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Charitable clinic at work
Arkadelphia, Ark. —
Gurdon native Amanda Davis was 26 years old when she learned she had a rare liver disease called primary biliary cirrhosis (PBC), which allows impurities to spread throughout her body.
The bile seeps all the way out to Davis’ skin, causing her to itch everywhere, non-stop. It got so serious that she could no longer wear the clothes she needed to work at US Bank in Arkadelphia, and she was forced to take medical leave and, ultimately, lose her job.
Doctors told her PBC could lead to her death if the disease went totally untreated, but a liver transplant might save her life. They also informed her of Ursodiol, a pill on the market that would keep her liver from failing.
The medication, however, comes with a steep price — $500 a month. But with no job and no insurance, Davis had no means to pay for the Ursodiol.
So she turned to the Clark County Charitable Health Service, where volunteer director Cindy Jackson offered assistance. The clinic, located next to Dollar General on North 10th Street, houses the non-profit organization that, according to its mission statement, “strives to improve the quality of life for the medically uninsured people of the Clark County community” and to do so by “providing affordable general medical care, preventative medicine and health education.”
After researching the medication Davis needed and contacting the pharmaceutical company, it was learned that the company would only knock $20 off the price of each bottle — a drop-in-the-bucket discount, especially for someone with no job or health insurance.
Jackson recalled the first time she met Davis and heard of her situation. “I felt overwhelmed by the immensity of her problems and by the fact that our hands were tied with provided her with the medication she needed, because no matter where we looked we couldn’t find an ongoing source for it.”
Jackson said she was “dumbfounded” when she learned of the cost of the pills.
“I don’t see how anybody, even paying 20 percent of that [with insurance], could pay for those medications. I was further dumbfounded by the drug company’s almost callous response that they just don’t provide it on drug assistance programs.”
Asked how she felt when she learned of the measly $20 discount, she said, “All I could do was smile and shake my head, because that’s awful. To a person with limited income, that’s nothing.”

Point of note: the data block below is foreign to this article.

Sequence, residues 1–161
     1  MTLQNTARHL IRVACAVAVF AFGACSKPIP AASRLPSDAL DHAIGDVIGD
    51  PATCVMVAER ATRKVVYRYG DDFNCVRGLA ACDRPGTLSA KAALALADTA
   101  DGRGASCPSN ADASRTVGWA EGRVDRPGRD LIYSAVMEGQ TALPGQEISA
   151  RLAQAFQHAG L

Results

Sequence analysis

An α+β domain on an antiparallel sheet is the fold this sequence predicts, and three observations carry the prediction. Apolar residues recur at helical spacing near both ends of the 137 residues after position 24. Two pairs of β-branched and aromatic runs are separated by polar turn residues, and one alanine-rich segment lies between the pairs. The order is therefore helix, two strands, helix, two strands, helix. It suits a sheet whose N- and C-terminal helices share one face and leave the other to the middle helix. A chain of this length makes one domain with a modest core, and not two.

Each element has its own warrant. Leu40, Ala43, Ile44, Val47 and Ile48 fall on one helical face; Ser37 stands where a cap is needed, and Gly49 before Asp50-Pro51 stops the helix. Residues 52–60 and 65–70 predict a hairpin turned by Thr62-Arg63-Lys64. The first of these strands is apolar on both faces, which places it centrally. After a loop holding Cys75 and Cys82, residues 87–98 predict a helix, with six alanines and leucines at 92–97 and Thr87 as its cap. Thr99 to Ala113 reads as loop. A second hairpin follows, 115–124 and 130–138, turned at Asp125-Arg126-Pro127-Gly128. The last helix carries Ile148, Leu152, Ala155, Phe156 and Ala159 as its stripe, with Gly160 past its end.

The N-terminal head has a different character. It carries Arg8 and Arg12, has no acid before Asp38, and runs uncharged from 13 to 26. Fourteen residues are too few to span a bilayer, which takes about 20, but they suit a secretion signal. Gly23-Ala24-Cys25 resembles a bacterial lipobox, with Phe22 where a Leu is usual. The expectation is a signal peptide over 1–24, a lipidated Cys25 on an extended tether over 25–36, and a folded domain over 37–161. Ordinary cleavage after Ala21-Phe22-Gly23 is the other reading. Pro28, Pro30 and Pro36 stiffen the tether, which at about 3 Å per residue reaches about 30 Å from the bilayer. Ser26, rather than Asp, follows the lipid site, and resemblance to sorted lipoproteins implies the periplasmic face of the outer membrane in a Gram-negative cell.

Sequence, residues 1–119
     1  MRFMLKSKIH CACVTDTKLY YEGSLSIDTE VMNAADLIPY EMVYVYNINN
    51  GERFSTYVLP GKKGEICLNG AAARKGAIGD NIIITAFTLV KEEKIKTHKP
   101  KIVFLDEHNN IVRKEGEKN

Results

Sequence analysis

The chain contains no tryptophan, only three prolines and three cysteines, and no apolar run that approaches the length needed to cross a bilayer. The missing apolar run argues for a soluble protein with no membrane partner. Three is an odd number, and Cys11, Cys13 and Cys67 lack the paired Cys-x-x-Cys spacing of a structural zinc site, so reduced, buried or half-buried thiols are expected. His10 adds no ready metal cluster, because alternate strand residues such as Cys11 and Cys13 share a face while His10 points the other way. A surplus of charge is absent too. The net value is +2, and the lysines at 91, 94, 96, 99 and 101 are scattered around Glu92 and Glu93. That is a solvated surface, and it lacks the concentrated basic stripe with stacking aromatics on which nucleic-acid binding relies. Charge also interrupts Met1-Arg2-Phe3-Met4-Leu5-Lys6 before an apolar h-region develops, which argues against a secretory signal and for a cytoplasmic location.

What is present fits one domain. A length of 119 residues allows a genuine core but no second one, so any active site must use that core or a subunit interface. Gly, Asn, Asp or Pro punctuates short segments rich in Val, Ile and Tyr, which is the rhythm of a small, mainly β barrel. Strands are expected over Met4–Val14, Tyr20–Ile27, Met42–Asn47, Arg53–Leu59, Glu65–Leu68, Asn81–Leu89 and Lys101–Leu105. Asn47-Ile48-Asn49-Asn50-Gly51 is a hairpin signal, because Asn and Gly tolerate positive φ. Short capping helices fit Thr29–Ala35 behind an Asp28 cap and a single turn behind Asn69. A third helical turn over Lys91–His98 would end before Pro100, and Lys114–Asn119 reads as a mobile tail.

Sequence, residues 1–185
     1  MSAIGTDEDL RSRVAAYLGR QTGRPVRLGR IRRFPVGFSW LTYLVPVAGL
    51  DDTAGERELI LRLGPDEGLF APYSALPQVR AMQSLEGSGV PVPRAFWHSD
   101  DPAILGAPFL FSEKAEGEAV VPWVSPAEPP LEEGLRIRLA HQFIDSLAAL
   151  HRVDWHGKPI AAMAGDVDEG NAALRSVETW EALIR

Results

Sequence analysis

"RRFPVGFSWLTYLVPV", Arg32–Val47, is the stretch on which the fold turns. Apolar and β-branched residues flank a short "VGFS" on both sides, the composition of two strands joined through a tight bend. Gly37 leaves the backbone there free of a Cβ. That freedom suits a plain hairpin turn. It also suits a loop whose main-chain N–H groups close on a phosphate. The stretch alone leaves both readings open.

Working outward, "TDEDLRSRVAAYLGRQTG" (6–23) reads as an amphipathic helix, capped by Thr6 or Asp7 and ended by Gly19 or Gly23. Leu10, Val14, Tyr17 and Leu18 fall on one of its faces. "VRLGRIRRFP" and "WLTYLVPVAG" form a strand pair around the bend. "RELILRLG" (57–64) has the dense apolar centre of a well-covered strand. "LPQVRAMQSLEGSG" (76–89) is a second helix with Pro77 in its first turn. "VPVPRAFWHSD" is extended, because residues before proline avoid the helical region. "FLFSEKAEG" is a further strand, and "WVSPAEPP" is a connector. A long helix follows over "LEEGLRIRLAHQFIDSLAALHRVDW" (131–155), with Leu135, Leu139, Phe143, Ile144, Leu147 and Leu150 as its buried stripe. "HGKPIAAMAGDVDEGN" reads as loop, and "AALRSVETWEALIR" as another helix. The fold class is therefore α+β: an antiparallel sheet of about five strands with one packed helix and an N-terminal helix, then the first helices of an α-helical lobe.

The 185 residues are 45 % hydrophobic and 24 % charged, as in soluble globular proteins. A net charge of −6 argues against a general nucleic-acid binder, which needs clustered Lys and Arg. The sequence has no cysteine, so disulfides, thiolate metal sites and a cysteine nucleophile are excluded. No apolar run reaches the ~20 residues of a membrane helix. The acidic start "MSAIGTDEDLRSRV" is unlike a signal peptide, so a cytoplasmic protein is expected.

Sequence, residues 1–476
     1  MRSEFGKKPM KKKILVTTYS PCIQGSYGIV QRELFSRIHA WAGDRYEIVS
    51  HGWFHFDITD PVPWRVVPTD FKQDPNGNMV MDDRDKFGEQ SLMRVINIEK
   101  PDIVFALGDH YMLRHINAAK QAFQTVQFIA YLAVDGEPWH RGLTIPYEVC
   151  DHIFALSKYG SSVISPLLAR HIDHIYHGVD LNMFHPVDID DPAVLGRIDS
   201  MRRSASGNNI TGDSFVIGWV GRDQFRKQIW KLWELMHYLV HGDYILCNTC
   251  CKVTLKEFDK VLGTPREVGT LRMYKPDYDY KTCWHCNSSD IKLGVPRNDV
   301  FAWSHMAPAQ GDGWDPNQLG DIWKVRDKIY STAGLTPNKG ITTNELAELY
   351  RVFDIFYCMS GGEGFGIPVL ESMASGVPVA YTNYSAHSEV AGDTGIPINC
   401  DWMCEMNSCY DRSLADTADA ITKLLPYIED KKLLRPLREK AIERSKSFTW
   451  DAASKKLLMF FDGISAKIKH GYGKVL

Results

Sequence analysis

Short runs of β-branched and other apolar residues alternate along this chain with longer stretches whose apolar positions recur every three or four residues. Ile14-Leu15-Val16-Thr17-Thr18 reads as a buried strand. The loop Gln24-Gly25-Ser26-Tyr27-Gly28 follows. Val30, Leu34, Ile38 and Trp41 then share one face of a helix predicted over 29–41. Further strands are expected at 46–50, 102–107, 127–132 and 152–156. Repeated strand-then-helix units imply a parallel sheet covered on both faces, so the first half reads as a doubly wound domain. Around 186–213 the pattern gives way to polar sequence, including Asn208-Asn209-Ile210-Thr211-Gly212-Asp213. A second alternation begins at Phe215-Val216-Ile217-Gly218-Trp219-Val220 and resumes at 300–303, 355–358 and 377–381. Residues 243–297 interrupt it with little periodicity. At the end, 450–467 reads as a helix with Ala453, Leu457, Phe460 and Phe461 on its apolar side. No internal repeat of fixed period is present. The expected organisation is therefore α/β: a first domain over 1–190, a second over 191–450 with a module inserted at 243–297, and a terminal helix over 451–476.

Only two months later, another woman with PBC — who had also recently lost her job and, thus, her insurance — walked into the clinic for assistance; but again, the $500-a-month cost associated with Ursodiol was too steep a price for both unemployed and uninsured women.
It was a rare moment, the clinic’s inability to assist its clients with affordable medication. The clinic currently takes care of 154 uninsured Clark County residents, and nearly all of the medications’ prices can be reduced for those patients. Some can even be given for free.
Jackson noted that the clinic does not have a pharmacy in its office; instead, the medications are prescribed through each patient’s private physician.
The best offer the clinic could negotiate with the makers of Ursodiol was one free month of the pill, “but we can’t get it ongoing, and [Davis] needs it every month … She’s doing everything she can to stay healthy, but unfortunately our hands our tied, and we’d love to do more.
So Jackson contacted a local government official who suggested the clinic solicit local organizations, churches and individuals about donating money to get Davis’ prescription.
“We’ve called our representatives, we’ve called the drug company. I honestly don’t know what the next step is unless someone donates money to get Amanda the drugs she needs.”
The Clark County Charitable Health Service, funded strictly by donations, helps provide basic health care for Clark County residents without any form of insurance, including MediCare and Medicaid. Patients must be approved for eligibility. They must meet income requirements based on the national poverty level. For example, a one-person family with an annual income that does not exceed $20,000 or a four-person family with an annual income that does not exceed $40,800.
All services provided through the clinic are performed in the private offices of local volunteer health care providers, and the services are provided in Clark County five days a week.
Currently, eight churches provide donations to the health service on a regular basis, and about $1,000 is donated by individuals each year. Additionally, the organization has received grants from Southern Bancorp, Alcoa Community Foundation, Arkansas Conference of the Methodist Church Peace with Justice Grant, and the Clark County Community Foundation. Beginning next year, the clinic will receive a grant from United Way of Clark County.
The chances of getting Davis and the other PBC patient a cheaper price from Ursodiol are “slim to none,” Jackson said, adding, “I think our chances with our local community are probably better, simply because our community gives.”
Donations can be sent to Southern Financial Partners, 615 Main St., Arkadelphia, AR 71923 with the check marked “Clark County Charitable Health Service.” Donations may also be sent directly to the health service clinic, 1301 N. 10th St.